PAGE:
10 02

Open

EXHIBITION

de-sport: The Deconstruction and Reconstruction of Sports through Art

2020.6.27 (Sat.) -
2020.9.27 (Sun.)

Information

Period :
2020.6.27 (Sat.) - 2020.9.27 (Sun.)
10:00–18:00(until 20:00 Fridays and Saturdays)
Venue :
21st Century Museum of Contemporary Art, Kanazawa
Closed:
Mondays (open August 10, September 21), August 11, September 23 (Wed)
Admission:
Adults ¥1,200 (¥1,000)
Students ¥800 (¥600)
18 and Under ¥400 (¥300)
65 and over ¥1,000 (¥1,000)
* ( ) indicate advance ticket prices.
*prices in parentheses for advance sale(reserved) tickets.
*Admission to this exhibition is restricted to time-entry tickets only.
*Please purchase a ticket for the desired admission time slot in advance on the 21st Century Museum of Contemporary Art, Kanazawa website. The tickets will be available from 10:00 June 19.

Purchasing reserved timed-entry tickets / Entering the exhibition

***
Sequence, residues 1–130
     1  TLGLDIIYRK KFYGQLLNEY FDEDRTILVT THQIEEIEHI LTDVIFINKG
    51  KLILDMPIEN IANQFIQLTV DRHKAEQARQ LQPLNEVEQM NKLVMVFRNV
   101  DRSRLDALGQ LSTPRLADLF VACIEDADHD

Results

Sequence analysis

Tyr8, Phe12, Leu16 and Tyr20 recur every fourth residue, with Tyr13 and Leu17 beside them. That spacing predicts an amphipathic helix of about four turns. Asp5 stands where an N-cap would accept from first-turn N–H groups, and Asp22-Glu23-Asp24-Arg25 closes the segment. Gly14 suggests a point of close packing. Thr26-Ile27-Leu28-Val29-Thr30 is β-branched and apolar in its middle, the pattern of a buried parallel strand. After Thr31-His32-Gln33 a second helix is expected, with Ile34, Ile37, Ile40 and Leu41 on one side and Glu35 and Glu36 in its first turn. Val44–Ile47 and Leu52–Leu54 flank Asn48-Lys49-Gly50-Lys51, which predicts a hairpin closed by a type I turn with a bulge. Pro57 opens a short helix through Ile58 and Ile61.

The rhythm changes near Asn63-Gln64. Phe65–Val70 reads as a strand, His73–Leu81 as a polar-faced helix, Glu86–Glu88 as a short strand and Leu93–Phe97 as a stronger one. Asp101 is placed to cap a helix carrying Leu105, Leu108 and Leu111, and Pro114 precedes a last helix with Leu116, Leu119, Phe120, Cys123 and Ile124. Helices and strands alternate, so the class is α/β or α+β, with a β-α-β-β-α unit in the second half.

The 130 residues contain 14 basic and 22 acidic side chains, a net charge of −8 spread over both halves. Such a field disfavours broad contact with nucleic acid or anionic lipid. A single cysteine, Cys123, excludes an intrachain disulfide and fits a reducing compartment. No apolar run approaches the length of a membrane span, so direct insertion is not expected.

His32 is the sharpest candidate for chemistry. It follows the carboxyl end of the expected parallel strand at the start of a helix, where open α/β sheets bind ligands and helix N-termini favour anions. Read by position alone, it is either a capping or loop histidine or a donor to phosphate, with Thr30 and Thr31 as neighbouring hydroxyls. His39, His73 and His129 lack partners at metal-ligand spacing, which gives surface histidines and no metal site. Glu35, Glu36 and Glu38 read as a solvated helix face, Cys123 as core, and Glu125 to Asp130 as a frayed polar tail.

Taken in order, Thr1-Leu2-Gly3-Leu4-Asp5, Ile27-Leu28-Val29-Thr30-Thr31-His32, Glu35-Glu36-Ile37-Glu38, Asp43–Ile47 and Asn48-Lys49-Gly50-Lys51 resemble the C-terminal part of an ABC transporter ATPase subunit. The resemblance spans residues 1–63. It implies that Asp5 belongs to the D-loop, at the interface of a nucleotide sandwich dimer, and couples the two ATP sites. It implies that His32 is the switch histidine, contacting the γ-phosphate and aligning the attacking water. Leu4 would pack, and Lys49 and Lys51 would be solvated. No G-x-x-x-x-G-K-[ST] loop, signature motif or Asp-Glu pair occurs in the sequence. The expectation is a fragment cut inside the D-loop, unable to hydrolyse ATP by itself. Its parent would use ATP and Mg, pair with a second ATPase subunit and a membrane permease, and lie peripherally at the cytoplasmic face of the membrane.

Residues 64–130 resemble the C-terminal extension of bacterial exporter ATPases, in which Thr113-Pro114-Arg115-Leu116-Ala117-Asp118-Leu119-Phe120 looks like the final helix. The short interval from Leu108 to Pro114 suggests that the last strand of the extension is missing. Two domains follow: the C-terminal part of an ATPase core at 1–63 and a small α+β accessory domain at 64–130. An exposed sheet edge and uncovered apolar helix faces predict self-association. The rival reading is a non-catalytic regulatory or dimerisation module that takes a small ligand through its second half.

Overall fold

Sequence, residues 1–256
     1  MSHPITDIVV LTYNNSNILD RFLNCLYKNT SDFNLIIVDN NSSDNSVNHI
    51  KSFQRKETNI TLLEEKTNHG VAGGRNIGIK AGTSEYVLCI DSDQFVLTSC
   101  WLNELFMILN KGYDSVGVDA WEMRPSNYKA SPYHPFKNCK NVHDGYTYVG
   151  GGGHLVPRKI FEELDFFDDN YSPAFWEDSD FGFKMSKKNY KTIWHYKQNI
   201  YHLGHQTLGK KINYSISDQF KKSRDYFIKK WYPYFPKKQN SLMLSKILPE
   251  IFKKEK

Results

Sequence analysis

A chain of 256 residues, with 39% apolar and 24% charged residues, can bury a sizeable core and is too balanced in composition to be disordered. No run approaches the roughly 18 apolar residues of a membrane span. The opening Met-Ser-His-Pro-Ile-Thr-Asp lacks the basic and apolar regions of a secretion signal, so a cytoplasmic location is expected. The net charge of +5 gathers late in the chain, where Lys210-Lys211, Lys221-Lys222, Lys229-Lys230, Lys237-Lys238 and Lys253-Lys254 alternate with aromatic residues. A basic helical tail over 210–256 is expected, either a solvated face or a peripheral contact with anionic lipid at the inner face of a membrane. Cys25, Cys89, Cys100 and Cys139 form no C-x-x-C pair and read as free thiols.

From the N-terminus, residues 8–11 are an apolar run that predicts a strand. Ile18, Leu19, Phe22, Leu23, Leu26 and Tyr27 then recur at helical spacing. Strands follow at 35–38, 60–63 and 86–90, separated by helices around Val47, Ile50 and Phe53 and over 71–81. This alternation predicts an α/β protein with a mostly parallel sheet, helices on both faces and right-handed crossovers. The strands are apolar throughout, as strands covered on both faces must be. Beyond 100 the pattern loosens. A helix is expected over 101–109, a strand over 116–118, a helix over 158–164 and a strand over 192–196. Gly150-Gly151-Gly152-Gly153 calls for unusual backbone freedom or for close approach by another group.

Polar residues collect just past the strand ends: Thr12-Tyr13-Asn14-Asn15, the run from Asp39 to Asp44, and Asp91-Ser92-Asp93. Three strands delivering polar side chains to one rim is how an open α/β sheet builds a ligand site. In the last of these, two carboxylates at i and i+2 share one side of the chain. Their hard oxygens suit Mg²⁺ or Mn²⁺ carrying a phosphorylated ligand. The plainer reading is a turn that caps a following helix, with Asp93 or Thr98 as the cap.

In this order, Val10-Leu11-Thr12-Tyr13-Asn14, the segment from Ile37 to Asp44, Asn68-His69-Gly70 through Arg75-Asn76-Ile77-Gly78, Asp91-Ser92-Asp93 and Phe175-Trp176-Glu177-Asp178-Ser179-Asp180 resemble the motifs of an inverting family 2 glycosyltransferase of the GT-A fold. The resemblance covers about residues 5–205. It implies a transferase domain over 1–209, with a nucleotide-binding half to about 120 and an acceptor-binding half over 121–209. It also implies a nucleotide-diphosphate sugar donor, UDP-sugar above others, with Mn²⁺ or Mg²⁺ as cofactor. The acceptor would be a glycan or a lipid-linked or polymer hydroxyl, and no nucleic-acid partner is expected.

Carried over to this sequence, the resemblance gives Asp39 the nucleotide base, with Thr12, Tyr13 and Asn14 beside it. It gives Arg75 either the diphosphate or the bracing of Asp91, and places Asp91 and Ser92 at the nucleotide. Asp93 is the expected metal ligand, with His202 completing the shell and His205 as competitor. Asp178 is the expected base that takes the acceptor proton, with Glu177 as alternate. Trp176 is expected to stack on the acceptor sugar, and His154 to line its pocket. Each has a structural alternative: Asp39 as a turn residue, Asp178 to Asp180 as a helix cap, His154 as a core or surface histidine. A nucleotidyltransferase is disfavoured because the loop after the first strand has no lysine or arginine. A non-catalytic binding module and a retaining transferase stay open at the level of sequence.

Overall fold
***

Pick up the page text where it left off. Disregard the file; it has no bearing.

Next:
Reserved tickets will be available from 10:00 June 19 until 23:59 on the day before the exhibition viewing date.
Purchase reserved tickets at: www.kanazawa21.jp
・ Select your desired admission time slot (date + time) and purchase a reserved ticket.
・ Show the QR code screen from your purchase or a printout of the page in order to enter to the exhibition.

Book tickets here
*Purchasing tickets will be available online from 10:00 June 19th.
*Japanese version only.

Please note
・ Reserved tickets cannot be used outside the specified admission time slot. Be sure to enter within the time period indicated on the ticket.
・ The number of reserved tickets sold for each time slot is limited (availability on a first come, first served basis).
・ Please be aware that there may be an queue at the start of each time slot.
・ A small number of same-day tickets will be available each day, however we highly recommend purchasing a reserved ticket ahead.
・ Purchased tickets cannot be refunded.
・ Please see the museum website for other details.
For More Information:
21st Century Museum of Contemporary Art, Kanazawa
Phone:+81-76-220-2800

About the Exhibition